Mark Santacrose, President and CEO of Tecta America Corp., knows the benefits of teamwork. Tecta America is made up of 3,000 roofing professionals working in some 50 locations, reporting to a corporate headquarters in Skokie, Ill.
Its 29 operating units are each independent profit centers, but Santacrose is quick to point out that Tecta America is one entity with a common goal: to provide the most comprehensive roofing program in the country and meet and exceed its customers’ needs.
“It’s important for people to understand that we’re a single company,” he said. “Tecta America owns all of our operating units. From a marketing standpoint each local name has great value in its own market, but all are co-branded as a Tecta America Company.”
According to Santacrose, decisions are made at the local level, allowing the operating units the flexibility to adapt to their specific markets, but uniting them when needed to strengthen their combined resources. Five of the divisions are union shops; the others are non-union. “Market needs differ, and we want to excel in each type of market,” he said. “We want to handle union and non-union work. We support both.”
The performance of each unit is measured rigorously, said Santacrose, but overall company performance is the true bottom line. “Because we’re all shareholders in Tecta America, every unit is competitive with the others, but financial incentives are at the Tecta level, so the company has to perform well as a whole. So, if we have to pour resources from one area into another area, everyone knows we’re working together.”
This cooperation results in a company that can do it all, according to Santacrose. “We can install any roof system on any roof, wherever it’s located in the country, at any time,” he said. “We have deep relationships with every manufacturer out there. We have over 3,000 employees, and we can and do deploy them as needed. We can marshal our response very quickly in the event of a disaster.”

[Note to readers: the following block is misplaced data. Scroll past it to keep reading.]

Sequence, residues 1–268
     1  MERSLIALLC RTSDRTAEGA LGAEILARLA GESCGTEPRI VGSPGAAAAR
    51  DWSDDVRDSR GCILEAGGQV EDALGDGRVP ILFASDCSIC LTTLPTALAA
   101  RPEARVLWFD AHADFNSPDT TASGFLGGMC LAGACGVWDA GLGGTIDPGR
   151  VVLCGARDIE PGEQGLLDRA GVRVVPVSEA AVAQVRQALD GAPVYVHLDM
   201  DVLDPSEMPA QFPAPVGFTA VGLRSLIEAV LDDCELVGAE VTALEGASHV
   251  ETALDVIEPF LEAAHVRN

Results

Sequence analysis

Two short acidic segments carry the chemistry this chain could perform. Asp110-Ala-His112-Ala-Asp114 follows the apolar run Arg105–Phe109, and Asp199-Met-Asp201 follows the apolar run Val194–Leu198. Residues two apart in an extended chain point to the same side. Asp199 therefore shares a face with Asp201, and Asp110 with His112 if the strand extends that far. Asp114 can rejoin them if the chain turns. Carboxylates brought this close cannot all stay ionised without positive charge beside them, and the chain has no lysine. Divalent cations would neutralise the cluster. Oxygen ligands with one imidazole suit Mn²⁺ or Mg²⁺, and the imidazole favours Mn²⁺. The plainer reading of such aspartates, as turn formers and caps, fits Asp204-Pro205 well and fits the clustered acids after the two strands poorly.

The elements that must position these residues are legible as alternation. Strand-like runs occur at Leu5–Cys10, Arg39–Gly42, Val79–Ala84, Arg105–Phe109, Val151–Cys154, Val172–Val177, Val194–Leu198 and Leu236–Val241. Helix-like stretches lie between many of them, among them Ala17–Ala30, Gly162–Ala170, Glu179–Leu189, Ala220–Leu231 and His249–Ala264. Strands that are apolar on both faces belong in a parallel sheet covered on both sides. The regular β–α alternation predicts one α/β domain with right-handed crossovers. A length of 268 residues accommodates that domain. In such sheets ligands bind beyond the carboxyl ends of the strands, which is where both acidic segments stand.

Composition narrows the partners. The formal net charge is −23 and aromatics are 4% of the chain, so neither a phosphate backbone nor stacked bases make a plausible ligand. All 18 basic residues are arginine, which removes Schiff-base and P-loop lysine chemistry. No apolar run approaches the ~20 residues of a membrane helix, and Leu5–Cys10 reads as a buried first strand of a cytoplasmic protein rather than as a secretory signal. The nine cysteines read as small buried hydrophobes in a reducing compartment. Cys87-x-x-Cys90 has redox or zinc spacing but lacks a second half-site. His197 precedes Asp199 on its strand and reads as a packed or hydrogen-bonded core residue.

Solar Systems, Garden RoofsAlthough the economy has been shaky, Santacrose looks for solar and green roofs to continue to gain momentum. “We’re still seeking growth,” he said. “The political landscape is focused on climate change and the environment, and that’s still a driver of these decisions despite the economy. The economy has made it tougher to finalize financing, for example. But the interest level is stronger than ever. There is tremendous interest in the whole environmentally friendly movement.”
Hoping to expand its services on these trends, the company recently launched a new division, Tecta Solar. It works with all of Tecta’s operating units on the design, engineering, financing, and installation of solar systems, as well as operation, maintenance, warranties, and performance monitoring.
“We have a two-pronged approach to the economy: tighten our belts wherever we can but invest for the long term,” said Santacrose. “Solar is a great area in which to invest, so we launched Tecta Solar.”
Financial decisions in solar projects are complex, noted Santacrose, and tax incentives can often make or break a project. Expert advice is crucial. “We have people who understand complex legal, tax and financial incentives, as well as construction,” he said. “I think the roof as a solar installation component has been undervalued, and we want to make sure a photovoltaic system is well integrated and offers the best value to the end user. We’re deeply experienced with 20-year-plus systems. A solar panel lasts 25 years, so installation day is not the time to make a decision on how cheaply a roof can be installed. We have to explain that value to the building owner and explain how roof and solar are installed to complement each other.”